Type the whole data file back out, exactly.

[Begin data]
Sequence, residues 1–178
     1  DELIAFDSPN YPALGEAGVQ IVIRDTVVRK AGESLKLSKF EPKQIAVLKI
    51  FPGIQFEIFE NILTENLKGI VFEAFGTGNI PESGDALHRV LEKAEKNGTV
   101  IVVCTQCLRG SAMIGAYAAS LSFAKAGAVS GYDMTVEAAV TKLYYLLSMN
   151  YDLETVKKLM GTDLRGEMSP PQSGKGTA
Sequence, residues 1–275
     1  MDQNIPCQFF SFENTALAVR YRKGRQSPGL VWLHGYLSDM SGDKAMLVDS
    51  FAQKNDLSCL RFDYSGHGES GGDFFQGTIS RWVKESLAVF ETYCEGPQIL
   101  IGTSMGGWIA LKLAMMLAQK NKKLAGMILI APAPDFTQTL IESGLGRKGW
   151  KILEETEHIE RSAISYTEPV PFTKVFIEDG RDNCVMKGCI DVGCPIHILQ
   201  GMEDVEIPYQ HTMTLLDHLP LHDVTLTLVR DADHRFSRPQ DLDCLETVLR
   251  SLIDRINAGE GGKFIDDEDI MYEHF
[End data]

Sequence, residues 1–178
     1  DELIAFDSPN YPALGEAGVQ IVIRDTVVRK AGESLKLSKF EPKQIAVLKI
    51  FPGIQFEIFE NILTENLKGI VFEAFGTGNI PESGDALHRV LEKAEKNGTV
   101  IVVCTQCLRG SAMIGAYAAS LSFAKAGAVS GYDMTVEAAV TKLYYLLSMN
   151  YDLETVKKLM GTDLRGEMSP PQSGKGTA
Sequence, residues 1–275
     1  MDQNIPCQFF SFENTALAVR YRKGRQSPGL VWLHGYLSDM SGDKAMLVDS
    51  FAQKNDLSCL RFDYSGHGES GGDFFQGTIS RWVKESLAVF ETYCEGPQIL
   101  IGTSMGGWIA LKLAMMLAQK NKKLAGMILI APAPDFTQTL IESGLGRKGW
   151  KILEETEHIE RSAISYTEPV PFTKVFIEDG RDNCVMKGCI DVGCPIHILQ
   201  GMEDVEIPYQ HTMTLLDHLP LHDVTLTLVR DADHRFSRPQ DLDCLETVLR
   251  SLIDRINAGE GGKFIDDEDI MYEHF